Mazda BT-50 2020
Carsguide Contributing Journalist Mark Oastler had this to say at the time: After almost a decade of service, the BT-50 is still a competent all-rounder in the local 4x4 dual cab ute battle and armed with a competitive warranty. So, if best-in-class safety is not a priority and you're looking for an all-terrain one-tonner that's a cut above a base model, then the mid-spec XTR is a well-rounded package worthy of consideration.You can read the full review here.
This is what Mark Oastler liked most about this particular version of the Mazda BT-50: One tonne payload, Strong engine-braking, Low-stress performance
The 2020 Mazda BT-50 carries a braked towing capacity of up to 3500 Kg, but check to ensure this applies to the configuration you're considering.
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Mazda BT-50 2020 Q&As
Check out real-world situations relating to the Mazda BT-50 here, particularly what our experts have to say about them.
Is a Mazda BT-50 or Ford Ranger better for touring?
It’s nice to see somebody taking the long view when it comes to vehicle ownership. Cars have become an increasingly throw-away commodity, and it seems a shame that all that engineering and development doesn’t get a longer lifespan.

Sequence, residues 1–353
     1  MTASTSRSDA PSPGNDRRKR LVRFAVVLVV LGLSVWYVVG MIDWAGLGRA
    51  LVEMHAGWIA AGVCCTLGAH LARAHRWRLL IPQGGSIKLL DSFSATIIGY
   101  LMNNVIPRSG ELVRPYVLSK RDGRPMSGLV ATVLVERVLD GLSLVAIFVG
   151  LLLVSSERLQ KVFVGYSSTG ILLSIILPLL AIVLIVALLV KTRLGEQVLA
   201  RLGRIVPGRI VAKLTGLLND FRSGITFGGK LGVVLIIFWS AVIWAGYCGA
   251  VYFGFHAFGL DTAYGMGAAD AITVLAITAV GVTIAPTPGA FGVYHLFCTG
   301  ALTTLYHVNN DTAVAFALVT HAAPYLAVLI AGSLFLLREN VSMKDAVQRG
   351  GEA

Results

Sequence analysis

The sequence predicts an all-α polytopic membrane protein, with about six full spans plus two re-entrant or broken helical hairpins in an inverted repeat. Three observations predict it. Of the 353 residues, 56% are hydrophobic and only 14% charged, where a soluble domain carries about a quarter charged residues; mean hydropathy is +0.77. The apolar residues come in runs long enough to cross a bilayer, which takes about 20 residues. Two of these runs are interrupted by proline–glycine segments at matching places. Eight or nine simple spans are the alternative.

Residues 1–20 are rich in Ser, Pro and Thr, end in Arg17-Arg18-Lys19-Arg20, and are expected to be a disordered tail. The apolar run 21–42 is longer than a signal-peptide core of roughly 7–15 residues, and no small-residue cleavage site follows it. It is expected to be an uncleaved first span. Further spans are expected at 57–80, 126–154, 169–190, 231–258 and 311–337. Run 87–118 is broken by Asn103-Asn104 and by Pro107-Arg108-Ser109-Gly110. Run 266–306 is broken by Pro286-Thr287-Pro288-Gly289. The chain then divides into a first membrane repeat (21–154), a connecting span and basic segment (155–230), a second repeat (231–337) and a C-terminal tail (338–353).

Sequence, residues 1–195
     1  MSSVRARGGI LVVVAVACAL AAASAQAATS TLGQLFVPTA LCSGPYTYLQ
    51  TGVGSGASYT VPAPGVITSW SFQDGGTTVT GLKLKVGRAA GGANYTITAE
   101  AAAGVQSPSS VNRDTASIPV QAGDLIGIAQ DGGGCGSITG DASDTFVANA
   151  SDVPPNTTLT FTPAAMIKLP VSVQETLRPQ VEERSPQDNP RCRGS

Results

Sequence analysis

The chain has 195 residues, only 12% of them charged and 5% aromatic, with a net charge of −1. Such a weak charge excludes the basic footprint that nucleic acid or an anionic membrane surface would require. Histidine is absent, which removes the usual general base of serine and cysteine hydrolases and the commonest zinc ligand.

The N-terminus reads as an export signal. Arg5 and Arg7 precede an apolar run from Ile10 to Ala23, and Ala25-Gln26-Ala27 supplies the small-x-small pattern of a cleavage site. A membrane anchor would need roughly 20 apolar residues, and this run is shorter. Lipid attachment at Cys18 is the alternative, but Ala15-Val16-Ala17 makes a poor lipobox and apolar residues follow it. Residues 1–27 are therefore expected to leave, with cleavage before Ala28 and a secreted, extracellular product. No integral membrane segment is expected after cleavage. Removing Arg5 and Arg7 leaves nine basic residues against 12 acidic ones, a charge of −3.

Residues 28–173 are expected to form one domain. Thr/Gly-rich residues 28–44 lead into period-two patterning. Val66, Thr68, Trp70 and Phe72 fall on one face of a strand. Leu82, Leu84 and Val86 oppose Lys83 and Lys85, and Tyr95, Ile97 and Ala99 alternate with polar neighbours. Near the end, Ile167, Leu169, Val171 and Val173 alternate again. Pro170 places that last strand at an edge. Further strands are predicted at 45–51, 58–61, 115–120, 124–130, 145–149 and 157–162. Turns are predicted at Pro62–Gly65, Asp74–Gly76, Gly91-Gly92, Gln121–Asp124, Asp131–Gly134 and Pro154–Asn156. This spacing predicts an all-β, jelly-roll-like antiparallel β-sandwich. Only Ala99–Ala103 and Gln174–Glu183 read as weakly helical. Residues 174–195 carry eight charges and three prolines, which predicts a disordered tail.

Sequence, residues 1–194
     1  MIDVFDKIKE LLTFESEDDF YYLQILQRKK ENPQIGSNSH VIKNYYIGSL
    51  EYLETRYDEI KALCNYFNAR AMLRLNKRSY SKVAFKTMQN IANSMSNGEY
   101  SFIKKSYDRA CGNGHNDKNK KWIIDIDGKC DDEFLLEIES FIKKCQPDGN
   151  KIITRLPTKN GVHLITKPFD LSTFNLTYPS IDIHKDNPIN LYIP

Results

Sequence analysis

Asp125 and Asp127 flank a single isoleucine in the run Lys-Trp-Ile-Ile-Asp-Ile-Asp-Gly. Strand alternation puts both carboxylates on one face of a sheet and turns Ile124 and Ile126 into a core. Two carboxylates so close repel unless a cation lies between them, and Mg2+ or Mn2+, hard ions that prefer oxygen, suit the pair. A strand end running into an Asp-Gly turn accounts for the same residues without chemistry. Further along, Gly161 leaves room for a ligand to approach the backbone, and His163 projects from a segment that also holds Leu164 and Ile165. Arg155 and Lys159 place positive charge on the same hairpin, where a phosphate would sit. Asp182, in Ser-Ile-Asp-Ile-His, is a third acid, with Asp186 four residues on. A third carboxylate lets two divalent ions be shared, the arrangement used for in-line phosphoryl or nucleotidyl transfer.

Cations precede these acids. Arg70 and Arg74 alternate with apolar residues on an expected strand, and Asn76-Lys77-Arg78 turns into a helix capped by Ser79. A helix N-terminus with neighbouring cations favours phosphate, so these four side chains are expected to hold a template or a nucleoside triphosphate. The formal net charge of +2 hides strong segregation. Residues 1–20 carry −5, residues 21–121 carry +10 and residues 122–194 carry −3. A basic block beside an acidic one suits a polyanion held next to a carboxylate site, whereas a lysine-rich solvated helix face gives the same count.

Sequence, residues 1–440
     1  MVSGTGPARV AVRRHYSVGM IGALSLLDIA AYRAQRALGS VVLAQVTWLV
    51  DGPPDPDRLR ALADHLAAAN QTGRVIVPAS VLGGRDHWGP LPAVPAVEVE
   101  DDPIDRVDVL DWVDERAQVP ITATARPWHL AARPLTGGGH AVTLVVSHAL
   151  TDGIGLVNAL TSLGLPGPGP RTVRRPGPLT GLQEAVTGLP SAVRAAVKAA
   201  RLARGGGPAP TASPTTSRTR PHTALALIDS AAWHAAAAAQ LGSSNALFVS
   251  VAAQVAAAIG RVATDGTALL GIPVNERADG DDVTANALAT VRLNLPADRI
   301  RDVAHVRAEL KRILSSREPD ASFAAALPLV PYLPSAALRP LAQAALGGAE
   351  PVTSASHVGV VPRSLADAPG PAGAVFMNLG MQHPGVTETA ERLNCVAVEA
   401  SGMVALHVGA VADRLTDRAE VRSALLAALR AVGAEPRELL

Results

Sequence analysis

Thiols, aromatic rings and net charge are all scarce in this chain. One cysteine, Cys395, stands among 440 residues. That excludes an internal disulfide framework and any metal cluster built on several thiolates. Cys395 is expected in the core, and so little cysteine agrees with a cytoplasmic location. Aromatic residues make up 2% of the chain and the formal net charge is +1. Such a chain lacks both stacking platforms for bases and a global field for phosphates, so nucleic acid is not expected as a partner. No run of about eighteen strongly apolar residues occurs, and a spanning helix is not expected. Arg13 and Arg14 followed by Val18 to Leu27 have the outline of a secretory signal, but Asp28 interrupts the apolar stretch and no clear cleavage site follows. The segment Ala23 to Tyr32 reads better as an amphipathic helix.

The BT-50 and Ranger you’ve nominated are, fundamentally, the same vehicles under the skin, so the choice will come down to the options fitted and the trim level that combines the features you want in one package. As a rule of thumb, the five-cylinder engine option will do a better job of hauling a slide-on camper into a headwind and will always be worth more as a trade-in (although that’s clearly not a concern for you).
If you’re planning to keep the vehicle up to 300,000km, there’s a very good chance you’ll need to spend some money on the vehicle’s direct injection system at some point. A set of injectors and filters as well as an injector pump are all likely to need replacement over the distance you’ve nominated. That said, all modern common rail diesels seem to be in the same boat here, but if you’re prepared to service the vehicle religiously, then those expenses should be kept to a minimum. Take it as read, though, that a modern turbo-diesel will not appreciate neglect in this area.
The other thing to watch out for is a vehicle that has already had a hard working life, as these dual-cabs often have. The tray-back you want also means the vehicle is likely to have been a work truck rather than a lifestyle accessory, so have any prospect checked independently before handing over the money.Show more
Are the fifth and sixth gears in my 2016 Mazda BT-50 overdrive gears?